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Comptroller's Viewpoint

Thomas J. Curry
Comptroller of the Currency

Shortly after the OCC was founded in 1863, the first Comptroller, Hugh McCulloch, laid down basic principles to guide the bankers who received national charters. He spoke about the value of strong capital, the danger of excessive leverage, and the need for ample liquidity. In organizing the OCC, Comptroller McCulloch recognized the critical role that supervision plays in maintaining public confidence in the system’s safety and soundness.

More than 150 years after he articulated them, Comptroller McCulloch’s principles are still relevant today. They speak to the importance of building capital, recognizing that stronger capital means stronger banks and that banks should grow their capital during healthier economic periods so that it is available during a downturn. These principles have been borne out by our own experience, which has taught us that when the market begins questioning a bank’s capital strength, it might already be too late, as liquidity challenges and questions of solvency can quickly follow.

The Federal Reserve Board’s stress tests of large banks during the past six years reflect steady progress in building capital. This year’s test results show common equity at levels more than double that in the first quarter of 2009. In raw numbers, that is a $700 billion increase. This level of capital suggests that even in the most severe scenario, the 33 largest bank holding companies would remain well capitalized. That level of capital would allow these companies to continue lending in a recession, helping reduce the severity and length of any downturn. Capital at community banks is also strong and growing.

Cumulative percent change since 2007 2007 2008 2009 2010 2011 2012 2013 2014 2015 2016
Total equity capital 0 1 17 20 40 43 46 52 56 63
Total assets 0 9 5 9 25 29 31 38 40 47

Recent years have also reminded us of the danger of excessive leverage. In the years leading up to the financial crisis of 2008, leverage increased dramatically, particularly in the largest and most complex banks. In response, regulators subjected large banks to a stricter leverage ratio. While it makes sense for banks to hold capital levels commensurate with their risks, we also have long recognized that such measures are not perfect. Leverage ratios provide a backstop to the risk-based capital measures. A key feature of these leverage ratio metrics for large banks is the inclusion of elements that contribute to leverage and that are not captured by simpler measures, such as those focusing exclusively on a bank’s balance sheet. We require our largest, most systemically important banks to meet more stringent leverage ratio requirements than smaller institutions.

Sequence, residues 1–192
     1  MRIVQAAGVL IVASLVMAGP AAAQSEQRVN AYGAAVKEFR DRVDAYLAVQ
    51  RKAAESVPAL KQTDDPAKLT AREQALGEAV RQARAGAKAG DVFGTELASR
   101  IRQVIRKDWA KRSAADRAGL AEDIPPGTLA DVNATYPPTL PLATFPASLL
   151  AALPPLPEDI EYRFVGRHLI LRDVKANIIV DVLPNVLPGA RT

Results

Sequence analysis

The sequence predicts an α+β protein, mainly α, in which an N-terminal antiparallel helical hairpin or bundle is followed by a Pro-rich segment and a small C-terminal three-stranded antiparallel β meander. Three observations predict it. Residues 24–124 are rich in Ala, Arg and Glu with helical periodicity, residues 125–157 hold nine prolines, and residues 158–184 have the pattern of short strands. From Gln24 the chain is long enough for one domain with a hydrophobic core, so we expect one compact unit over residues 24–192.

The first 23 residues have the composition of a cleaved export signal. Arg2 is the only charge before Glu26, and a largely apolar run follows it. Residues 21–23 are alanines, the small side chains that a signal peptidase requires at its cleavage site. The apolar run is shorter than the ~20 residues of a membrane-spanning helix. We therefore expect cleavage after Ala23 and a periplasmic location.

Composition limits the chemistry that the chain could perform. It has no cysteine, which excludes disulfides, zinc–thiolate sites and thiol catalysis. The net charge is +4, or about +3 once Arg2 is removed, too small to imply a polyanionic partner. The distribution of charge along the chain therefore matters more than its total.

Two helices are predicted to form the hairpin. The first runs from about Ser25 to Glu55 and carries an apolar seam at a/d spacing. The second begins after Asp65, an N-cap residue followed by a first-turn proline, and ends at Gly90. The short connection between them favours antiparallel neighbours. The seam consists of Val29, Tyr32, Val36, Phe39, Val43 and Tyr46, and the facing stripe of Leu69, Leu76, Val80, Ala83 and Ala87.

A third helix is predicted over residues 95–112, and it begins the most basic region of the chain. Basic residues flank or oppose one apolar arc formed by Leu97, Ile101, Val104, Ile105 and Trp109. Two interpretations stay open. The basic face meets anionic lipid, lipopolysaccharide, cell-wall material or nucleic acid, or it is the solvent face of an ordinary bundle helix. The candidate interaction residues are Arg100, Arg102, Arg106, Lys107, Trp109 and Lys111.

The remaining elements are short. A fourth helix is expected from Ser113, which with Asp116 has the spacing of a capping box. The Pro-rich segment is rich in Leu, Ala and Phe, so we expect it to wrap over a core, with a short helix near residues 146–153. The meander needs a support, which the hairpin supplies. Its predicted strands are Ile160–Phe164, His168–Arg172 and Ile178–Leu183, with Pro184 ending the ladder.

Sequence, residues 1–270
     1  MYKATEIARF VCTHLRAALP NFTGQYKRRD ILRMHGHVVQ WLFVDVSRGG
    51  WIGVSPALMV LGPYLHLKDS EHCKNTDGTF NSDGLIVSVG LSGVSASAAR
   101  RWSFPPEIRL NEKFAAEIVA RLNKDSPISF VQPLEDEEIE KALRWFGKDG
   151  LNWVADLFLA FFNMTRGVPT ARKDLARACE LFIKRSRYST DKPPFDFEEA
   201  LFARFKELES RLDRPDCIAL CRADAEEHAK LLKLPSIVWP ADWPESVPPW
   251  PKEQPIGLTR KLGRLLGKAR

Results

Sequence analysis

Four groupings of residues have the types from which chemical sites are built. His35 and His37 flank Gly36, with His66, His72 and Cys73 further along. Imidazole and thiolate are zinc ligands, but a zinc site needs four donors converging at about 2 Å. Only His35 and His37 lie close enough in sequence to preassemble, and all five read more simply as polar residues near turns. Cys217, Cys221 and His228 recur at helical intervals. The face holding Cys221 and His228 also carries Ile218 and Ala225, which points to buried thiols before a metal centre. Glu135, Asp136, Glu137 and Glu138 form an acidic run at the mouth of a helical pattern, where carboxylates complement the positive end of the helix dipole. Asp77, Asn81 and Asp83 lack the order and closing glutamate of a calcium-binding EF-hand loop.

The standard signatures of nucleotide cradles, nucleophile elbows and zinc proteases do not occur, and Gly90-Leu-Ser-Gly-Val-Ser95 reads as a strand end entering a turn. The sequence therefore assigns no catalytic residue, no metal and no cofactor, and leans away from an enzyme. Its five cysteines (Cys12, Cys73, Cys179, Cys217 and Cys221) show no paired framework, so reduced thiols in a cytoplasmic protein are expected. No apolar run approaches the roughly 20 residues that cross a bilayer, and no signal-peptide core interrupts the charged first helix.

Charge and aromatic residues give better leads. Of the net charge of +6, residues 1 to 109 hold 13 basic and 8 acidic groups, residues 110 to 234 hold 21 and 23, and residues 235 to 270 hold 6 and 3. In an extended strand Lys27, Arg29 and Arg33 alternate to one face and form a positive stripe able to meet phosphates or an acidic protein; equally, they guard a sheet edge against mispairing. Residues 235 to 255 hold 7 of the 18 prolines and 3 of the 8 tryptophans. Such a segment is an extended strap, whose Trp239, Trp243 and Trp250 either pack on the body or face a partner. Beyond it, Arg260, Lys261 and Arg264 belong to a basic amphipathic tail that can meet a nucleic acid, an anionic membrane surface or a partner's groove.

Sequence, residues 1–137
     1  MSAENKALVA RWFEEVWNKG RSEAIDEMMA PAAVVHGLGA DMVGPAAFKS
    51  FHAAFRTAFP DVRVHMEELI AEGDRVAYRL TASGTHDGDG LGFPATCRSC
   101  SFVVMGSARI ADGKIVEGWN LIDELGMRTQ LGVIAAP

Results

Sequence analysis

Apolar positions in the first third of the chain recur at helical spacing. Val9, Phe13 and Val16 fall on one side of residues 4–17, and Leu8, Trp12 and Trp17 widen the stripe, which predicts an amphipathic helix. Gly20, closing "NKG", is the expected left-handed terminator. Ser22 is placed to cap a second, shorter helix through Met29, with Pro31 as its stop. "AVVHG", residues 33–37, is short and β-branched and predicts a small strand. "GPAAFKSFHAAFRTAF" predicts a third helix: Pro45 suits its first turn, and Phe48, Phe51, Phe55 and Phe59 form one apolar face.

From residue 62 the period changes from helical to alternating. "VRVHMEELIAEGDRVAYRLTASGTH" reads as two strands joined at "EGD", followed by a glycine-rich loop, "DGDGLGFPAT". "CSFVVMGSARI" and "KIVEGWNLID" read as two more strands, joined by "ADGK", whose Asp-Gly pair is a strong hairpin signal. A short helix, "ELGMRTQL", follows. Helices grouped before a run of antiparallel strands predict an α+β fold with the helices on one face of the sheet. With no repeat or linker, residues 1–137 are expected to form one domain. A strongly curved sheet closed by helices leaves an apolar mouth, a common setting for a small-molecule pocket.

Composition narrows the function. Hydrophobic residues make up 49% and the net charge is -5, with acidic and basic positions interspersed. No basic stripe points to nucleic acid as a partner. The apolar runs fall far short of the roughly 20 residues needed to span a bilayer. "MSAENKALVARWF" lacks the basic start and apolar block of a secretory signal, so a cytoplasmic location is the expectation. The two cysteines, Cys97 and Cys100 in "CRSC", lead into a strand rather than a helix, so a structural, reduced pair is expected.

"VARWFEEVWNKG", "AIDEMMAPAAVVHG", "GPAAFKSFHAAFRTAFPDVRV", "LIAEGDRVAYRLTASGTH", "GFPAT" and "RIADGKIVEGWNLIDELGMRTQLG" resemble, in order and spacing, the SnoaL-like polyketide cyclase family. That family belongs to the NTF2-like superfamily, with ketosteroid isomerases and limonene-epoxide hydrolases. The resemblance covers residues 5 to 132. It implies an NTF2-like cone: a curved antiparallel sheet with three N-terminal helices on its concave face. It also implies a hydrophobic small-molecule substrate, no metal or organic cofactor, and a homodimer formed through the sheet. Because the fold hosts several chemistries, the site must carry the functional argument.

We also emphasize the importance of ample liquidity. The lack of liquidity was a significant factor in the solvency issues faced by finance and banking companies in 2008. Since then, we have taken steps in the right direction by implementing the liquidity coverage ratio and proposing the net stable funding ratio. These two ratios complement each other and require covered banks to hold sufficient ready resources to meet short-term cash outflows and encourage banks to shift to more stable, longer-term funding by relying less on short-term wholesale funding. U.S. banks must comply with the liquidity coverage ratio by 2017; the proposed net stable funding ratio would become effective in January 2018.

These safeguards bolster the strength of our banking system, equipping it to weather financial storms while still meeting the financial needs of its customers. The safeguards make the riskiest behavior more expensive, while largely sparing smaller, less complex banks that do not pose broader risks to the system.

The Federal Reserve Board’s stress tests of large banks reflect steady progress in building capital.

Improving capital, limiting leverage, and enhancing liquidity have helped strengthen our financial system. Improvements in supervision have also played a crucial role. As a regulator with more than three decades of experience overseeing financial institutions of all shapes and sizes, I know supervision is the regulators’ primary means of affecting behavior and promoting a healthy risk culture. Weak capital and excessive risk taking are often symptoms of unhealthy risk cultures that can lead to lapses in compliance and controls affecting the safety and soundness of institutions. Addressing the risk culture within the banking system was an early priority of mine as Comptroller, and I continue to make it a theme of conversation with bankers, examiners, and other regulators.